According to the outspoken host's website, he has already raised roughly $100,000 for new equipment and more than $15,000 a month in ongoing contributions to pay for the site's operations.
Levant said the money, which is being deposited into a Paypal account, has come from about 2,000 individual contributors.
"We will use this money as carefully and thoughtfully as we can," he said Thursday, noting the Rebel has garnered some 20,000 backers who have registered with the site or otherwise indicated their support.
"The actual final choice of equipment or expenditures may vary somewhat as our business plan evolves, but basically we're using this money to put the tools in place to execute our business plan."
The Rebel started in Levant's living room with its first video on Feb. 16 and has been steadily adding new material since then.
The campaign allows contributors to fund a wide range of individual items including cameras and computers and other, more personal, items such as a staff care package and a $10 haircut for Levant.
Contributors are being offered perks including a chance to participate in a online video chat with Levant or former Sun TV host Brian Lilley.
Those donating more than $1,000 are being offered a 15-minute phone conversation with Levant or Lilley about the news of the day and a chance to provide their own feedback and ideas.
Crowdfunding is not new ground for new media organizations.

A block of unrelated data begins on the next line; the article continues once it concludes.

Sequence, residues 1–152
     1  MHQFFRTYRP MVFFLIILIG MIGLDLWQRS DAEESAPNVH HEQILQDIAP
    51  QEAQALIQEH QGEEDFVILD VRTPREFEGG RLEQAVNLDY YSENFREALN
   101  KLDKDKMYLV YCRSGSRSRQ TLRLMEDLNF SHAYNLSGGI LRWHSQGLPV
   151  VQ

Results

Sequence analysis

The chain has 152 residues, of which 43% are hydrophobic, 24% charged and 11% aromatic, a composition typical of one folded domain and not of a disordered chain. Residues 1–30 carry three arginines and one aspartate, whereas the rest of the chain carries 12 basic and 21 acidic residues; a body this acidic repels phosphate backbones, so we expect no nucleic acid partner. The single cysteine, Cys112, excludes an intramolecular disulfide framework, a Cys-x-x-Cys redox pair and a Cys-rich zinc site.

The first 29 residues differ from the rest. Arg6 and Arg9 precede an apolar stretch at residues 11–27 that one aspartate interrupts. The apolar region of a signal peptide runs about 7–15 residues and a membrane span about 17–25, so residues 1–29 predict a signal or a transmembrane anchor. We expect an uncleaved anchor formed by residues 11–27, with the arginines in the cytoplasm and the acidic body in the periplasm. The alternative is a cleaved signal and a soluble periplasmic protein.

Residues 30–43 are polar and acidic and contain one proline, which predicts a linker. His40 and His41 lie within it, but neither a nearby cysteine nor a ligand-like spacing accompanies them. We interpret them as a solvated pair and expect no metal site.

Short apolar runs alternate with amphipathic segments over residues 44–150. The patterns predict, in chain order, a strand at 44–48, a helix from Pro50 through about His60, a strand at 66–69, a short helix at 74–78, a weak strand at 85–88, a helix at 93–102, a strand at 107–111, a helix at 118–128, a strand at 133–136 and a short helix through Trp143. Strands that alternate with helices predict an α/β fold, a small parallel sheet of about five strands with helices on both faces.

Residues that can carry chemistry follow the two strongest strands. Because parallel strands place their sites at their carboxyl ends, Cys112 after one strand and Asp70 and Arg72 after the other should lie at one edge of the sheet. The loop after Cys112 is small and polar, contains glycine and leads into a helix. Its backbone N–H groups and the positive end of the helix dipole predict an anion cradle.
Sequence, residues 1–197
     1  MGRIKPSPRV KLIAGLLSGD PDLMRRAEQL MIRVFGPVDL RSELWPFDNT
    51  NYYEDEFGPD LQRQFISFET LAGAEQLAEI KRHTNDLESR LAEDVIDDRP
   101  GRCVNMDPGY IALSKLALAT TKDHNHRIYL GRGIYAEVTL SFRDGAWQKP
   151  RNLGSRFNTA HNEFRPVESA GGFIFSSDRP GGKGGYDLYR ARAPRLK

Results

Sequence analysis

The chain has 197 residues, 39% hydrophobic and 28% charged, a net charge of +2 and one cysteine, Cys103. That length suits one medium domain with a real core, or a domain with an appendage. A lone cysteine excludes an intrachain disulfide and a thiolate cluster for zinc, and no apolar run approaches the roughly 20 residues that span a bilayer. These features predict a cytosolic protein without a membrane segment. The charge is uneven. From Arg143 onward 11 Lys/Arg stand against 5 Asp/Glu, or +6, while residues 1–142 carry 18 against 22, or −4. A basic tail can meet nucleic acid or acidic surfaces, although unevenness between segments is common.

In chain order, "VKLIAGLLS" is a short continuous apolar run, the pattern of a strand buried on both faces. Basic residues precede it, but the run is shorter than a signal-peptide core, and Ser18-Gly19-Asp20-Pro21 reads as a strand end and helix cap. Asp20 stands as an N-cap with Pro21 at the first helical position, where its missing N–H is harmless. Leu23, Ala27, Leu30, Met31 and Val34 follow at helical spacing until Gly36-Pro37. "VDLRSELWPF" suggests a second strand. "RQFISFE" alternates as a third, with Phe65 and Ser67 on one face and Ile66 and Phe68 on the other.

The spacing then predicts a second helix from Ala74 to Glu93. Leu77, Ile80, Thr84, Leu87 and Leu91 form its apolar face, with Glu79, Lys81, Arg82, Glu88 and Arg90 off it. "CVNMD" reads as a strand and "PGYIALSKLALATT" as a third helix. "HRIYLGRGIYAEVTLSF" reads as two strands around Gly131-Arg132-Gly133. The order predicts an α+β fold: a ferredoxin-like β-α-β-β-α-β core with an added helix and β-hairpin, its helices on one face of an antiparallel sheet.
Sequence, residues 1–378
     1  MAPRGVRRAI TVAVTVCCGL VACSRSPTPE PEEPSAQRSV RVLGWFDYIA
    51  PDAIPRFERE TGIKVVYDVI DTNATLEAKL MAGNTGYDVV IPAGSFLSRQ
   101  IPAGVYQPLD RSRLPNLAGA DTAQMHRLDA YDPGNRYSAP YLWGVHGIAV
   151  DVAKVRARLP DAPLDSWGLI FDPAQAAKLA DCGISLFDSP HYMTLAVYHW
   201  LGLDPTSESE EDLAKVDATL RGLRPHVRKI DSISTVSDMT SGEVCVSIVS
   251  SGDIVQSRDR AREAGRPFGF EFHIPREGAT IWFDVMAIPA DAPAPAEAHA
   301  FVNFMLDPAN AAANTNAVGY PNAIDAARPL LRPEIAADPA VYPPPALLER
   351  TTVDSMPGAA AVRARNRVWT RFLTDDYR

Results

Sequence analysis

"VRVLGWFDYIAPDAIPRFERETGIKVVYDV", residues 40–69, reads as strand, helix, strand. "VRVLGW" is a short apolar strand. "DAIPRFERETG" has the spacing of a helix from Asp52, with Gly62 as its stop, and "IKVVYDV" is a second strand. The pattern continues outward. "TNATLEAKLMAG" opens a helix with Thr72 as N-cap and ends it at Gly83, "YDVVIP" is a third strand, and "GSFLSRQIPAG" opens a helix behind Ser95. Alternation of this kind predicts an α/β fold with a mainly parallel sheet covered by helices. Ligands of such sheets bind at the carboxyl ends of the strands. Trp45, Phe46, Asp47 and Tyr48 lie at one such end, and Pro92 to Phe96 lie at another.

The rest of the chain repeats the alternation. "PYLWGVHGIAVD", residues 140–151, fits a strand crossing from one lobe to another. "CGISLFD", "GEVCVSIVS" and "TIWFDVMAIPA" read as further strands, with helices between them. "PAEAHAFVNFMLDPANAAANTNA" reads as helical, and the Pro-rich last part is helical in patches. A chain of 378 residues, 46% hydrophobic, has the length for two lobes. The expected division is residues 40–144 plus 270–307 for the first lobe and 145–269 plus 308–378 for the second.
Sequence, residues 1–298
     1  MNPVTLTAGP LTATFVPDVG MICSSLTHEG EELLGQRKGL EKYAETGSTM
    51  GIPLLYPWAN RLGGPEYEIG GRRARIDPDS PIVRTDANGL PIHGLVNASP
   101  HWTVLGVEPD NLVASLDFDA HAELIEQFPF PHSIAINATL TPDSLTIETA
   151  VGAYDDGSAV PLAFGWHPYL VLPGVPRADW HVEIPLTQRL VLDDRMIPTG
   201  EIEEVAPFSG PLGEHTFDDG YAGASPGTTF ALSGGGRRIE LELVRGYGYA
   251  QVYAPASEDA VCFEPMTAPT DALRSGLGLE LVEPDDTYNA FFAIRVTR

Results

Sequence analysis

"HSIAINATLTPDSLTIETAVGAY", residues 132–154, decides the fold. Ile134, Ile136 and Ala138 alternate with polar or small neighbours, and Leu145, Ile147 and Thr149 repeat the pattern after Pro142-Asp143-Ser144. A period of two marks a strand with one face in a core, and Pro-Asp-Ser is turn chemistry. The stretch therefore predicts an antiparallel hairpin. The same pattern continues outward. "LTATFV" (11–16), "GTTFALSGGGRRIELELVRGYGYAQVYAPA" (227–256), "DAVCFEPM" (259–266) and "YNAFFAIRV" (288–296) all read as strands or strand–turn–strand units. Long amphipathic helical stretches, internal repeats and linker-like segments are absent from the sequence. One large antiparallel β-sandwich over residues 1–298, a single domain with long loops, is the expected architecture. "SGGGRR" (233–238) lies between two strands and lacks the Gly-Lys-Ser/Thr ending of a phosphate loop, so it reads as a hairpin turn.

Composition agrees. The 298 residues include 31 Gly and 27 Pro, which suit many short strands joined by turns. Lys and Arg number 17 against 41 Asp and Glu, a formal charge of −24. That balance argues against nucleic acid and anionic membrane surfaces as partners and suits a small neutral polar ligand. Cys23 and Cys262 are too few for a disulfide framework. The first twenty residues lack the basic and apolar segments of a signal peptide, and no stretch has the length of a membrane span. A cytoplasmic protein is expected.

Online newsmagazine the Tyee raised $100,000 from its readers to help expand its national coverage and named an Ottawa correspondent, while Press Progress, a project of the Broadbent Institute, also solicits donations from its readers.
Since Sun TV shut down earlier this month, Levant, Lilley and others have been producing online videos on therebel.media website offering their take on the news of the day. The site's Youtube channel has some 2,600 subscribers.
Levant said Thursday even if given a chance to put the Rebel on cable television, he'd stick with his online outlet because he doesn't face the same restrictions.
"Why would I ever submit myself to those regulatory and oligopolistic barriers willingly again? I had no choice until the Internet came along, but now I do and I'm 10 days at this, but I'm loving it," he said.
In June 2012, the Canadian Broadcast Standards Council ordered Levant to apologize on air for telling a Spanish banana executive, in Spanish, to have sex with his own mother.
The following March he apologized to the Roma community after on-air remarks that prompted a hate-crime investigation.
Sun TV went off the air after negotiations to sell the troubled television channel were unsuccessful.